- Publication no: ABC-IAR011-11
- Published: 31 October 2011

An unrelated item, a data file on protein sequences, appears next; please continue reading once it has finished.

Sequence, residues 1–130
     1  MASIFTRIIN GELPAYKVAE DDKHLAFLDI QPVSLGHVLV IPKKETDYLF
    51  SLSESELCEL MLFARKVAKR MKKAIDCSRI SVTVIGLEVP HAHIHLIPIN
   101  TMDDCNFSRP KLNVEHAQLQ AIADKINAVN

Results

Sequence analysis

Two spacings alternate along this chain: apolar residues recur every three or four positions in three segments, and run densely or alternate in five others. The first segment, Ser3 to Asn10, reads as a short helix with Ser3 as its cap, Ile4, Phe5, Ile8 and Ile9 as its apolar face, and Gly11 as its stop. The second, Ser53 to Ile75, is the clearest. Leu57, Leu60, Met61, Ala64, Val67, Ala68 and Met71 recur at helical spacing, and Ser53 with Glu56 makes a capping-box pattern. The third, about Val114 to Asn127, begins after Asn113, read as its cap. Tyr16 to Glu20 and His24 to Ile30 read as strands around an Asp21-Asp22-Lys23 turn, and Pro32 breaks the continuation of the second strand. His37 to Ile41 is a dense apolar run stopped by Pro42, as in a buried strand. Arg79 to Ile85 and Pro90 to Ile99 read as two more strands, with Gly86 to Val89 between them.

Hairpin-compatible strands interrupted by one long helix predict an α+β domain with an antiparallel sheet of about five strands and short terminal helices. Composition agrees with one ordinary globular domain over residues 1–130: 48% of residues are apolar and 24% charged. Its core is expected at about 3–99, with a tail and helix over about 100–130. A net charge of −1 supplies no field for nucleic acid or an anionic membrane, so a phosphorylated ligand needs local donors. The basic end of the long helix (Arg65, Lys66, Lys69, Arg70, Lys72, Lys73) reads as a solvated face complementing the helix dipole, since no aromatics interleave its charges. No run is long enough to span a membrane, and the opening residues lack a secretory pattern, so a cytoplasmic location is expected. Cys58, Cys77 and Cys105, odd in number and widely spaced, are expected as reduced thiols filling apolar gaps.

Knowledge Management first emerged during the 1980’s from major enterprises developing a concern for a loss of corporate effectiveness that had resulted from a decline in organisational knowledge. It was generally accepted that this decline resulted from evolutionary change in the make up of the workforce. Within public enterprises such as road authorities, the prime causative factors affecting ‘knowledge-bleed’ are seen as an increasing rate of retirement, redefinition of the role of Road Authorities by government, the demise of the ‘traditional’ master – apprentice model and changing employee mobility attitudes. The particular challenge in Knowledge Management is the interchange of tacit or acquired knowledge. Such knowledge, by its nature is internalised and various techniques are employed to encourage the sharing of it between employees. Within the Roads & Traffic Authority (NSW) it was felt that management of technical knowledge should be awarded a separate, more specifically focussed approach, rather than it being simply included within a general, organisation-wide initiative. This has permitted management techniques to be tailored towards the prevailing attitudes of a sophisticated technical community. In determining a strategy, a timetable of 5 years was proposed to firstly implement knowledge management tools, and then progressively achieve a sufficient level of cultural change. Technical Knowledge Management within the RTA has now passed the two-year mark. While most initiatives are considered to have ‘worked’, some have proven to be difficult to implement. It is now timely to review progress against planned objectives.